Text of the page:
Sunday, August 26, 2007

5 Quick Movie Rental Reviews

As you know, I'm a big fan of going to the movies on opening night for shows that I'm really excited about. But for everything else, I'd prefer the comfort and quietness of my own condo in which to watch films because I usually get too annoyed by some loud-talker or popcorn-chomper sitting near me in a big theater.

So if you rent movies or are always looking for choices for your Netflix queue, here is my short take on 5 recently-watched flicks: Click, Breach, A Good Year, Music and Lyrics, and Thank You for Smoking. I will not give any spoilers away, so sorry for the few that seem vague.


Synopsis: A guy (Adam Sandler) is a workaholic and is prioritizing how he spends his time quite poorly. He is given a "universal remote" which grants him the power to go back to certain points in his life or fast-forward through things he doesn't like.

e's Review: Great moral, but poorly executed because of tired fat jokes and toilet humor in some parts. If you can get past those scenes, it's still pretty cheesy, but isn't absolutely awful - and it does make you pause a bit and consider what is important in life, which is always a good thing. I typically do like Adam Sandler, but Christopher Walken was very much wasted in his role, and Kate Beckinsale is poop and was a ridiculous choice to play Adam Sandler's wife. There are a few other people you will recognize in bit parts.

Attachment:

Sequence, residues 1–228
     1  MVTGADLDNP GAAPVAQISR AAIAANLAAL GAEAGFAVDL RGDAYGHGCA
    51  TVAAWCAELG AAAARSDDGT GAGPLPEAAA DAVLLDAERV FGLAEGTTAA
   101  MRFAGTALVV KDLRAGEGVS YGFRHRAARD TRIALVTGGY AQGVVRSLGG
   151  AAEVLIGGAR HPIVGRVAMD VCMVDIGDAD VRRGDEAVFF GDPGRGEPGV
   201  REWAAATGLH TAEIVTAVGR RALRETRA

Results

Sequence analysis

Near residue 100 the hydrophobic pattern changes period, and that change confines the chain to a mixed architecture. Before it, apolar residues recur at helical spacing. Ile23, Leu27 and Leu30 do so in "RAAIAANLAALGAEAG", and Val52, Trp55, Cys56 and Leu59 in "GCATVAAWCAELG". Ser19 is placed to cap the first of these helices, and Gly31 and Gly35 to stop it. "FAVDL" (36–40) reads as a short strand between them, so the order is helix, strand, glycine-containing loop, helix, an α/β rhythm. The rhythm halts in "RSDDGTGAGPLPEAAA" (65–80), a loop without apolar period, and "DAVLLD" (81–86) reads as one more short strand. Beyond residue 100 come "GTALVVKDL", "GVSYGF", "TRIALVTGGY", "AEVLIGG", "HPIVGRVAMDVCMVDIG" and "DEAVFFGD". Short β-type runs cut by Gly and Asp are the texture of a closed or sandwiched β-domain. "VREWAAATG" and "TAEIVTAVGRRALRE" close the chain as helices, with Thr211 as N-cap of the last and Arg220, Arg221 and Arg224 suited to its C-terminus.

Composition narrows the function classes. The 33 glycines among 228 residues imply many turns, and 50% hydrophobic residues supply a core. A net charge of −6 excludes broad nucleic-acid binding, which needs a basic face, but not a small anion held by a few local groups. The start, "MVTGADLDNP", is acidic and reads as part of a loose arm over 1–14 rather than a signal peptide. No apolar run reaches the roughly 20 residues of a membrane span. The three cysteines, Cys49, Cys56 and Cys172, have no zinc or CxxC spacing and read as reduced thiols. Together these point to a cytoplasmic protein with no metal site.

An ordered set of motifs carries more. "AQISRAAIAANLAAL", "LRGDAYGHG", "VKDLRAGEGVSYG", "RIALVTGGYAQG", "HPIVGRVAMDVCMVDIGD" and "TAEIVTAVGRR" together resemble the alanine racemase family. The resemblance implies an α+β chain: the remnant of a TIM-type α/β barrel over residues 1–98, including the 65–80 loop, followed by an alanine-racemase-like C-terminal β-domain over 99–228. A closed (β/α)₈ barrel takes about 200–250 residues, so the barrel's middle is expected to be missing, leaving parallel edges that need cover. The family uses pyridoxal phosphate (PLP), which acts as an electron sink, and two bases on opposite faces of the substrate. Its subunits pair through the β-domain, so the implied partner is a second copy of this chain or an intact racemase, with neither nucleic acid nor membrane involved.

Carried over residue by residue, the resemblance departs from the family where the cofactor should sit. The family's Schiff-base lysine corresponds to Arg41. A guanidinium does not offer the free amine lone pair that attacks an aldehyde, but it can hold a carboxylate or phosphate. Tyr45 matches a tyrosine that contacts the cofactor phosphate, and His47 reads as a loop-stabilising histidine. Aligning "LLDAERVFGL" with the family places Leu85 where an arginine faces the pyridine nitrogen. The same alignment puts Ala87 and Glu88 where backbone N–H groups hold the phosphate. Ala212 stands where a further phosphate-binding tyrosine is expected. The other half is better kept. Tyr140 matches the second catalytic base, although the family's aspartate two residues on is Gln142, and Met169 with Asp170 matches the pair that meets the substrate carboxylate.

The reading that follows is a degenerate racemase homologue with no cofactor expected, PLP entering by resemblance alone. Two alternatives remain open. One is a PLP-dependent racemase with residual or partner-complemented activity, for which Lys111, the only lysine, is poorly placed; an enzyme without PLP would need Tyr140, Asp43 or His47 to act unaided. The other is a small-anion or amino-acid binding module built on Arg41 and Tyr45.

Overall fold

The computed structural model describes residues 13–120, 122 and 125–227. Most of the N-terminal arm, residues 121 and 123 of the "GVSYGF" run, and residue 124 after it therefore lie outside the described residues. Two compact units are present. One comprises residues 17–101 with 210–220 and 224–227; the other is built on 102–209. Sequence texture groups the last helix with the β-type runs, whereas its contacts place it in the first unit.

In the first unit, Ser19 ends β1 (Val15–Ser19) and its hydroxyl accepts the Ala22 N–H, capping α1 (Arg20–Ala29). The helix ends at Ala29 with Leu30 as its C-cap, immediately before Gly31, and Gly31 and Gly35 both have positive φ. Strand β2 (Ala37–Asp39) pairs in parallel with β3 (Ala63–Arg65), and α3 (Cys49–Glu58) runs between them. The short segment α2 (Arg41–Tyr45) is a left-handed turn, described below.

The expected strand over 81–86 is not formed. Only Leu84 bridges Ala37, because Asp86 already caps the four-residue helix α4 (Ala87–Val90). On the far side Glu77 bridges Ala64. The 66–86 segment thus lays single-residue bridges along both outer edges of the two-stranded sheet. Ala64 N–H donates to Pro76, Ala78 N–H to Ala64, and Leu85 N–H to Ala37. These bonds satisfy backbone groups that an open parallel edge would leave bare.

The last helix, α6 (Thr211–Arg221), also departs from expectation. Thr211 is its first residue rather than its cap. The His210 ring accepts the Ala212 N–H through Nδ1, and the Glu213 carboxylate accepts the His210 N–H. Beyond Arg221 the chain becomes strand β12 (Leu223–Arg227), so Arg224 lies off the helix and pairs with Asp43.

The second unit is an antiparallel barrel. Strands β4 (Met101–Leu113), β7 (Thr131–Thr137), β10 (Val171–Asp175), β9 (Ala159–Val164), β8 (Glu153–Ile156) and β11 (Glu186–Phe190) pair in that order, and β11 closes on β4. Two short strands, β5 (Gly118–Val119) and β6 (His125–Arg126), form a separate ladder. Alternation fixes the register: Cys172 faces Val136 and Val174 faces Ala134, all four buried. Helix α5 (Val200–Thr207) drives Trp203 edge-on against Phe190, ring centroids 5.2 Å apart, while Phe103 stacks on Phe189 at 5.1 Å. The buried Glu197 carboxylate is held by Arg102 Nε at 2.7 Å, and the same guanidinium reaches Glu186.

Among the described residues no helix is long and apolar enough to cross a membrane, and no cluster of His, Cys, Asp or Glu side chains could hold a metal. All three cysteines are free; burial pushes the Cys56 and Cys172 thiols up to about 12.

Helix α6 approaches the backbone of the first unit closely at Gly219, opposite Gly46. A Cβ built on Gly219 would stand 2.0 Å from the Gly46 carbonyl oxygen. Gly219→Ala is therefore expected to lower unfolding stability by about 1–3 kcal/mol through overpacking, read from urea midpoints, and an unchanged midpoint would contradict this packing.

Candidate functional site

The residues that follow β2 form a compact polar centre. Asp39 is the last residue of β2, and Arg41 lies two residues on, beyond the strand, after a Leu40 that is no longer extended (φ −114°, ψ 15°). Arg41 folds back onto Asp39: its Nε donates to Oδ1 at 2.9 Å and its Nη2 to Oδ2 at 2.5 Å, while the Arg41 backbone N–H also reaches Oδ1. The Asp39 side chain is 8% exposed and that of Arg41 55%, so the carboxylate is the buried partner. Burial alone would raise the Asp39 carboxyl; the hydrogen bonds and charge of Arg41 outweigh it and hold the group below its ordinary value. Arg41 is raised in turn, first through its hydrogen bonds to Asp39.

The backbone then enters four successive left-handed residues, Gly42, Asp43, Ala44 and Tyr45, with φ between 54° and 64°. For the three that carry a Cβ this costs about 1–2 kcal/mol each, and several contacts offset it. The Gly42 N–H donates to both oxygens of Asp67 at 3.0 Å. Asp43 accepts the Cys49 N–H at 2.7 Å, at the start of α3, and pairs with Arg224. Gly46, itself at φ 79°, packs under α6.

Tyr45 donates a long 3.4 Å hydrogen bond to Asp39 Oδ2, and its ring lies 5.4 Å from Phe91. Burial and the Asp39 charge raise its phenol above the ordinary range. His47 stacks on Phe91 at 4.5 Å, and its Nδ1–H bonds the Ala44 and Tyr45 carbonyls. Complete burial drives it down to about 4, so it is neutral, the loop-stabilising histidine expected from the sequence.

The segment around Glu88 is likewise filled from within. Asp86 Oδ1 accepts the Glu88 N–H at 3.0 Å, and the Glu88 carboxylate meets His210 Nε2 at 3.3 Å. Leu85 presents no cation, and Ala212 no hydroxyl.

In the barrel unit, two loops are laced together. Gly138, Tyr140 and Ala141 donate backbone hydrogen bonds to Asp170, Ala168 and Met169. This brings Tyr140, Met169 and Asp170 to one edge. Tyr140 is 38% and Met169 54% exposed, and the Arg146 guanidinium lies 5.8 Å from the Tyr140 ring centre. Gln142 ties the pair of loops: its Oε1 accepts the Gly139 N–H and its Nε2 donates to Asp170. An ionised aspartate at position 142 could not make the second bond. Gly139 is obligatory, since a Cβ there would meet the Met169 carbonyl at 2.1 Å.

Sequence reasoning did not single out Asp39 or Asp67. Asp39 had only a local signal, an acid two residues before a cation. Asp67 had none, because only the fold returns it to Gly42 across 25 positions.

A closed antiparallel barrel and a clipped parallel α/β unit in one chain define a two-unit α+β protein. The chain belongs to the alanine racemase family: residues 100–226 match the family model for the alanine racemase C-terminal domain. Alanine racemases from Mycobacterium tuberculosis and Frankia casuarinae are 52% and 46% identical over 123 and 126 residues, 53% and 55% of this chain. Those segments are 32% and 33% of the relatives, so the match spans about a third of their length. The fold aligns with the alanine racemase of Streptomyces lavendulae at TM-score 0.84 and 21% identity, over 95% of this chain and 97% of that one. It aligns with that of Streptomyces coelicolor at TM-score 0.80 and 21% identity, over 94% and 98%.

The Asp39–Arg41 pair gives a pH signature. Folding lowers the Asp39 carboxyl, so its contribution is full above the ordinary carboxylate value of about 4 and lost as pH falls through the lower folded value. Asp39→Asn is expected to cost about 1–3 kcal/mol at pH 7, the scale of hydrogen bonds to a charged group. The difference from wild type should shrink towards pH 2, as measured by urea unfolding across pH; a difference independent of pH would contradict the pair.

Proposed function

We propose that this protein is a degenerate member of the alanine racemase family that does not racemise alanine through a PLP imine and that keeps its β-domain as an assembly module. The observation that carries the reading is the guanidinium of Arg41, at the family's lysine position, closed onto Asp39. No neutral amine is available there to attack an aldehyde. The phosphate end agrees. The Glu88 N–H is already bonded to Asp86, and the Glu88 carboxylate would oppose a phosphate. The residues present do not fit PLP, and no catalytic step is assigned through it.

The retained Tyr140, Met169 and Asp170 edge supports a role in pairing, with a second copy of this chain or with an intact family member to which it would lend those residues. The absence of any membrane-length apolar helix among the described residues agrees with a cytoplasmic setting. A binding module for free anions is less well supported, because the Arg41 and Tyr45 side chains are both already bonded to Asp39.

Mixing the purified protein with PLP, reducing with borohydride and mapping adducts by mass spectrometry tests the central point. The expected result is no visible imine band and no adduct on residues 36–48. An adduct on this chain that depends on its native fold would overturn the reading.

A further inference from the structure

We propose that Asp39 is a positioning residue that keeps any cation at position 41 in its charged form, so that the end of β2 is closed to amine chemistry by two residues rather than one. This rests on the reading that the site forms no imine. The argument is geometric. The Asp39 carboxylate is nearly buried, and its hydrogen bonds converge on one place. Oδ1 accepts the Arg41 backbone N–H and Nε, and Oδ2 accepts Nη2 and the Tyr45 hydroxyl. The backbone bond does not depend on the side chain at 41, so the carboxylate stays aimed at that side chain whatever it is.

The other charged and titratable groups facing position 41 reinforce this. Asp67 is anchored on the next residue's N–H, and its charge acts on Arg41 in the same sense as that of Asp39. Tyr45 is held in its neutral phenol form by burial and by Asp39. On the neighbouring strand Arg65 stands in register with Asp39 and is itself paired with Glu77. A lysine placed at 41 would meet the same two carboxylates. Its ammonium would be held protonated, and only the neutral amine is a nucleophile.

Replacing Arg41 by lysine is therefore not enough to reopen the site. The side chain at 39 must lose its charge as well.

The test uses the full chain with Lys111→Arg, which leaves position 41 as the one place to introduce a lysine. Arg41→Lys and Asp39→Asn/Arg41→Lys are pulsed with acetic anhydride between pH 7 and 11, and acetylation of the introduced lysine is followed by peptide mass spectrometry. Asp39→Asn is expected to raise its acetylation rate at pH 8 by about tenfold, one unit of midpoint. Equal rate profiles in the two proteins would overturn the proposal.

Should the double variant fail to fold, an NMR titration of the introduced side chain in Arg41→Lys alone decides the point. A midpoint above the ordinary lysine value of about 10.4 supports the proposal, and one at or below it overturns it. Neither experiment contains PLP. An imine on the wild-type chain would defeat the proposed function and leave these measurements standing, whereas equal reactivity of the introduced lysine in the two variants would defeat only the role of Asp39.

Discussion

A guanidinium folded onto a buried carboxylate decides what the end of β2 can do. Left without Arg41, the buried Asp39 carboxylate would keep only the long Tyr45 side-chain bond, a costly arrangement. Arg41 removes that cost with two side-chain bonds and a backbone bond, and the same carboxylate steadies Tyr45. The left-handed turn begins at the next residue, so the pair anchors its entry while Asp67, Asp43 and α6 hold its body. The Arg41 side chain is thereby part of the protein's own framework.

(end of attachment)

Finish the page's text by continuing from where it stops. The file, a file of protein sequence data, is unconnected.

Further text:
Synopsis: The true story of a kid (Ryan Phillipe) who works for the FBI and is asked to track his new boss (Chris Cooper), who is about to retire. The real reasons the FBI wants this man tracked are not revealed at the outset, but let's just say that he's a pretty bad dude. Did I mention it's a true story?

e's Review: I was interested in seeing this movie because my brother went to law school with the guy that Ryan Phillipe played, and in class this guy talked a bit more about what went down after a Dateline segment about the case aired. I found myself wondering exactly what I would do if I was this kid, and even though I knew how the story ended, there were several tense moments in the movie where I was totally stressed out. I don't like Ryan Phillipe and I don't like Laura Linney (who also played a fairly major part), but I love Chris Cooper and he rocked the house once again. One complaint I have heard about this movie, which I agree with, is that it was never made clear WHY the "bad guy" did what he did (it was only vaguely hinted at). But perhaps that's because in real life, a justification was never given either. This movie had gotten excellent reviews across the board, but didn't do as well as hoped in the theaters. Probably because Ryan Phillipe is hated for cheating on Reese Witherspoon!